Figures analysed by PA media show an increase in referrals for a range of serious mental illnesses
“When the lockdowns and pandemic struck, that really had such a negative effect on a lot of children. Those who had been doing well became vulnerable and those were vulnerable became unwell.`' Dr Elaine Lockhart, chair of the child and adolescent psychiatry faculty, Royal College of Psychiatrists
The number of children in England needing treatment for serious mental health problems has risen by 39% in a year, according to new figures from the NHS.
In 2021-22, there were 1.1m referrals to mental health treatment for under-18s, compared with 839,570 in 2020-21, and 850,741 in 2019-20, an analysis by PA Media showed.
These figures include children who are suicidal, self-harming, have eating disorders or are experiencing serious depression or anxiety.
Dr Elaine Lockhart, chair of the child and adolescent psychiatry faculty at the Royal College of Psychiatrists, said the rise in referrals reflected a “whole range” of illnesses.
She said “specialist services are needing to respond to the most urgent and the most unwell”, including young people suffering from psychosis, suicidal thoughts and severe anxiety disorder.
Lockhart said targets for seeing children urgently with eating disorders were sliding “completely” and that more staff were needed.
“I think what’s frustrating for us is [that] if we could see them more quickly and intervene, then the difficulties might not become as severe as they do because they’ve had to wait,” she added.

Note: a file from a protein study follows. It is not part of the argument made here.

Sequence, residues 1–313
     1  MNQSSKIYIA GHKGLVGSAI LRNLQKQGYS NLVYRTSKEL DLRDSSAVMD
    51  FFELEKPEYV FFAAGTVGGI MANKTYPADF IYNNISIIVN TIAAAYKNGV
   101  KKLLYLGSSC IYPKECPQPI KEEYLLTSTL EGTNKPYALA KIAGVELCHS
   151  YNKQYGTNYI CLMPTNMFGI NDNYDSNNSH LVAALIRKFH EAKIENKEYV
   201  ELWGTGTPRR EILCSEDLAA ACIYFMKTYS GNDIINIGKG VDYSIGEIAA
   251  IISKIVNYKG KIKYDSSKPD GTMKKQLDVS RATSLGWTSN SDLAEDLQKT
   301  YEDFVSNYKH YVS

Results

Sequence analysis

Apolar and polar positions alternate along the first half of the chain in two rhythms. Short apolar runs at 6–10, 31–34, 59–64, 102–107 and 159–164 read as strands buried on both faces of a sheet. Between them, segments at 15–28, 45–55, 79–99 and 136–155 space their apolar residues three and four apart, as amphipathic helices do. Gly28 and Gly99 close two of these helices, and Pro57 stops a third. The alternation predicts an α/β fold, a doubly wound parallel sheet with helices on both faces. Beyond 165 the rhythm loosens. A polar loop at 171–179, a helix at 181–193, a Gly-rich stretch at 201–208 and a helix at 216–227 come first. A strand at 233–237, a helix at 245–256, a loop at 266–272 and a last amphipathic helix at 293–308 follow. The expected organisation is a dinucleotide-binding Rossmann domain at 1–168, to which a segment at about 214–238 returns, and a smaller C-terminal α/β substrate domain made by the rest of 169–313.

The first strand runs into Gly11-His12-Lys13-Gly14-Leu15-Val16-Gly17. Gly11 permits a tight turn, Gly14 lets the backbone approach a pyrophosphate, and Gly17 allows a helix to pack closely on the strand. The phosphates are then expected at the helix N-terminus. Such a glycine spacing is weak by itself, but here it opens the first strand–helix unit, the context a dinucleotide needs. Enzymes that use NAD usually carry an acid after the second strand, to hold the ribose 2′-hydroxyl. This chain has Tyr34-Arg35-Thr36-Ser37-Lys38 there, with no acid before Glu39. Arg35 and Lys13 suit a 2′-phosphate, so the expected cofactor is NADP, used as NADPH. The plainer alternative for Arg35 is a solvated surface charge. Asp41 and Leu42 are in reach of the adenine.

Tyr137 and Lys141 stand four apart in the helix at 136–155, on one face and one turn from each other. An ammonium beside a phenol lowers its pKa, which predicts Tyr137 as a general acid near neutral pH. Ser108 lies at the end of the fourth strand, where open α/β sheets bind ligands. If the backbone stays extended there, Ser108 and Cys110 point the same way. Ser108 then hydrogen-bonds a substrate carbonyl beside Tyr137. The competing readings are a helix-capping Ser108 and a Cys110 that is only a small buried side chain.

Lockhart said children’s mental health had been getting worse before the pandemic, with increasing social inequality, austerity and online harm playing a role: “When the lockdowns and pandemic struck, that really had such a negative effect on a lot of children. Those who had been doing well became vulnerable and those were vulnerable became unwell.
“And part of that was about children themselves feeling very untethered from the day-to-day life that supports them … but also seeing their own parents struggle, and then that collective heightened sense of anxiety and loss of control we all had really affected children.”
Tom Madders, director of campaigns at YoungMinds, said the figures were “deeply concerning”, adding: “The last year has been one of the most difficult for this age group, emerging from the pandemic to more limited prospects for their futures, coupled with an increase in academic pressure to catch up on lost learning, and the impact of the cost-of-living crisis.
“The current state of play cannot continue. The government must get a grip of the situation.”
Separate NHS Digital data shows a very high rise in hospital admissions for eating disorders among children and young people. Among under-18s, there were 7,719 admissions in 2021-22, up from 6,079 the previous year and 4,232 in 2019-20 — an 82 per cent rise in two years. The NSPCC described the figures as “alarming”.
These figures confirm a pattern that has been apparent for a while: mental health problems among young people are soaring. This is a disturbing trend that suggests that a whole generation of children and young people are struggling to remain mentally well. Tom Madders of YoungMinds is right to say that this cannot continue. At a time when the NHS is already overstretched, it is clear that government needs, not just to invest more in treatment, but to work on identifying the causes and developing preventative strategies.